By integrating with Glue, Delta Lake acts as a central repository for all data. From there, data analysts and business intelligence teams can query the data they need and analyze it with Athena.
With this event-driven setup, Equinox launched VARIS with a predictable, low-cost profile without any scalability issues.
Event-driven analytics with BMW
Global organizations like BMW can struggle to store and centralize all the data they receive. BMW's ConnectedDrive back-end service processes over 1 billion requests per day from its vehicles. Analysts need to access this data for modeling or use cases, whether they're in Germany or Japan. The re:Invent session "How BMW Group uses AWS serverless analytics for a data-driven ecosystem" digs into the company's data pipeline.
BMW's Cloud Data Hub is a central data lake that ingests, orchestrates and analyzes data. This serves BMW's own global IT group, as well as its data scientists and business analysts who build use cases and machine learning models. BMW uses AWS Glue and Kinesis Data Firehouse to ingest data; Amazon S3 and Glue for organization and orchestration; and Amazon SageMaker, Athena and Amazon EMR to analyze it.
Let's look at the setup.
This is a multi-tiered account setup, which means every data provider or consumer has its own AWS account -- more than 500 in total. There are three main components to this setup:
- data ingestion through Glue and Kinesis stream providers;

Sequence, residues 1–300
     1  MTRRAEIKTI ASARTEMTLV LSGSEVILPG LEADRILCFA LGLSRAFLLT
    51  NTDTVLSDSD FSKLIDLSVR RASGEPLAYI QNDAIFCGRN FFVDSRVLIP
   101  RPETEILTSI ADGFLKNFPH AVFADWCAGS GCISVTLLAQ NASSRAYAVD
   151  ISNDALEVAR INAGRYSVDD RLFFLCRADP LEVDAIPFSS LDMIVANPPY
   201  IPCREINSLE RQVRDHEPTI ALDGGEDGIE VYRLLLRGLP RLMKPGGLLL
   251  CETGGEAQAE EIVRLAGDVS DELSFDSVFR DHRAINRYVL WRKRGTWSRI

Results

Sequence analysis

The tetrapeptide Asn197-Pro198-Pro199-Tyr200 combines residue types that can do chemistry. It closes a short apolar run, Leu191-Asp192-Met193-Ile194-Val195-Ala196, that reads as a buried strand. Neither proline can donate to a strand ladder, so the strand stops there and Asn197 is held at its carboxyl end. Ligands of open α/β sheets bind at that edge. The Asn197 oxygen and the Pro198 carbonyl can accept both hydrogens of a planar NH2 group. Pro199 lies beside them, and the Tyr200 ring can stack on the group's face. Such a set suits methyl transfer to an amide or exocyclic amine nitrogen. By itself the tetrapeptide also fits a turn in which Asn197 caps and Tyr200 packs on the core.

- data orchestration through the data portal and API layer; and
- data analysis through data consumer.
BMW software and data engineers run the automaker's data marketplace, where they build both global and local data ingests. On the other end of the pipeline, analysts can access data under their AWS account.
"The single most important feature [of Cloud Data Hub] is the central data portal," said Simon Kern, lead DevOps engineer at BMW Group. "It's really the single point of contact for you if you want to get data from the BMW Group or if you want to build a new use case."
Within the central data portal, analysts can explore and query data sets through SQL, manage metadata and deploy any necessary infrastructure. Data sets are made up of S3 buckets and Glue, which stores the metadata and is specific to either its global or a local hub. These data sets rest on universal APIs that handle the management of data sets, as well as security, compliance and single sign-on.
Ingestion and analysis are relatively simple. As we previously mentioned, there are two ways data enters the Cloud Data Hub:
- AWS Glue. Data can be processed from relational databases.
- Amazon Kinesis. Data can stream in from BMW's connected vehicle fleet.
The data then moves through the data portal and API, where it can be used in AWS services such as Amazon SageMaker, for building machine learning models, and Athena, for data analysis.
Like Equinox, BMW ran into a file problem after ingestion. To solve this, it built a compaction module running on Glue. This module crawls, finds small files and compacts them into bigger ones.
BMW started this project in 2019 and has since ingested 15 systems and 1 PB of data.